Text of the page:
Report: Drops in Apple’s share price historically followed by surge in earnings growth

In October, Apple stock dropped below 600 for the first time since July. Since then, following a number of new product launches, AAPL has continued to fall and now only sits slightly higher than last week at roughly 550 per share and a market cap of $518 billion. While many have pointed to uncertainty regarding new product launches and executive level changes as the cause of Apple’s falling share price, no one quite has a definitive answer for why AAPL has hit a nearly six-month low. In a report today, titled “A dramatic reading of Apple’s share price”, Asymco analyst Horace Dediu might have the answer.

Dediu studied 13 bear AAPL markets starting with the October 2001 launch of the iPod. As noted in the report, Apple’s stock had just fallen 70 percent year-over-year and continued to drop another 20 percent following the iPod launch. However, since the iPhone launch, Dediu found “every dramatic drop in share price was followed by a surge in earnings growth.” The graph above maps earnings growth following bear Apple markets since the 2007 iPhone introduction.

So, why exactly does this happen? Dediu explained his theory:

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Apple’s Q1 FY12 preview: Analysts expect iPhone 4S sales to boost earnings

Apple will report its fiscal first quarter results tomorrow for the October to December 2011 period during which the Cupertino, Calif.-based company saw the death of its cofounder and the record-breaking sales of its latest iPhone.

Apple passed the $400 billion market cap briefly last week, and it is the world’s second most valuable company after Exxon Mobil Corp. Its 2007-debut of the iPhone effectively piloted the touchscreen smartphone market, meanwhile the iPad carved a new consumer electronics category for the industry, as well.

Analysts expect earnings of $10.04 per share and revenue of $38.92 billion, according to FactSet, compared to Q1 FY11 where Apple earned $6.43 per share on $26.74 billion in revenue. Apple said it reckons earnings of $9.30 per share and revenue of $37 billion for Q1 FY12, but the technology giant usually underestimates its forecasts, and analysts generally ignore such predictions…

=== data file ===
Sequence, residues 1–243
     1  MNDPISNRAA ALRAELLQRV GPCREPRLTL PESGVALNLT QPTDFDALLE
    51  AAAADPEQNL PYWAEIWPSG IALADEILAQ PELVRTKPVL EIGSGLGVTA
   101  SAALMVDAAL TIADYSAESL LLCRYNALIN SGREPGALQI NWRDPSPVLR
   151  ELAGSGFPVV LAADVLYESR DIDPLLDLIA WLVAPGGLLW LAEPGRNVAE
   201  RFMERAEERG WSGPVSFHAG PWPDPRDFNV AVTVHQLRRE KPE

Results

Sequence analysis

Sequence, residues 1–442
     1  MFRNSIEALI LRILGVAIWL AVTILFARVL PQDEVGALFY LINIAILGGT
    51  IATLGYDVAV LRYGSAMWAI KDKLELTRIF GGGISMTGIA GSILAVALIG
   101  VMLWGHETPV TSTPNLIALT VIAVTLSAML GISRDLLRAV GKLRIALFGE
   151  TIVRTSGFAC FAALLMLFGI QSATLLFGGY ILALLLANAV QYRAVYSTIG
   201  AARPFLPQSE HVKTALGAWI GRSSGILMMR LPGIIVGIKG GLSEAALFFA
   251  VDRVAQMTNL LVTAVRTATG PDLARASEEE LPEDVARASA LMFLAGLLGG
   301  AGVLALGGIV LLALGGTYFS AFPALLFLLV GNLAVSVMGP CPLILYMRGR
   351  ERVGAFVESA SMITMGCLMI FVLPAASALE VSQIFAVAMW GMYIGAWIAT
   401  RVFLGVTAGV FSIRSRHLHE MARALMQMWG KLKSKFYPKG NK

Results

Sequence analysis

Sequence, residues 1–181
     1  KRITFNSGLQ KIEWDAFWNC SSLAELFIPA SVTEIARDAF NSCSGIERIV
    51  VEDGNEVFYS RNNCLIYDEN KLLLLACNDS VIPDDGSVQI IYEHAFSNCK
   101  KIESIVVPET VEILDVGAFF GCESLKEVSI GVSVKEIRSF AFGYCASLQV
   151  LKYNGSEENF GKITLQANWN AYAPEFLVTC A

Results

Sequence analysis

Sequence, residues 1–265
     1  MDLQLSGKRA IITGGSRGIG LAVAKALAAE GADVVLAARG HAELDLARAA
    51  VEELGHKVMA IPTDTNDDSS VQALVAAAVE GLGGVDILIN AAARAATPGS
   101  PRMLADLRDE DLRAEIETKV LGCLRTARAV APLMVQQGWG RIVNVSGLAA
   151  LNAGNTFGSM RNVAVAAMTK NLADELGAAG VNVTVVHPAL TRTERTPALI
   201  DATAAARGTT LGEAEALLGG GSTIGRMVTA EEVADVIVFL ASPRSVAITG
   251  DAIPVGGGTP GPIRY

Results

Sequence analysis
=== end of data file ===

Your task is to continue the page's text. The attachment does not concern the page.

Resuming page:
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Reuters: Could Apple be worth $1 trillion?

Apple passed Exxon today to become the most valuable company on earth.  The excitemnt only lasted a few hours until the market rally at the end of the day put Exxon back on top, however.  But, that didn’t stop people wondering: What’s next for Apple?

Enter Robert Cyran, Columnist for Reuters, who doesn’t understand why Apple isn’t headed straight towards being the first $1Trillion company.

Apple’s sales have been surging 80 percent a year, and its profit faster. What’s more, it trades roughly in line with the growing stock market — and at less than half the price-to-earnings multiple it fetched in 2006, when revenue growth was much slower. Apple now trades at about 11 times estimated earnings for the fiscal year ending September 2012. The Standard & Poor’s 500-stock index is valued at about 10 times next year’s profit. But Apple’s sales growth is nearly 10 times faster than that of the average company. Apple also holds $76 billion of cash and investments.

So, what’s the deal? Apple, if put on the same P/E multiple it traded on in 2006, would be worth $900 billion.

And who has brighter prospects than Apple right now? Read more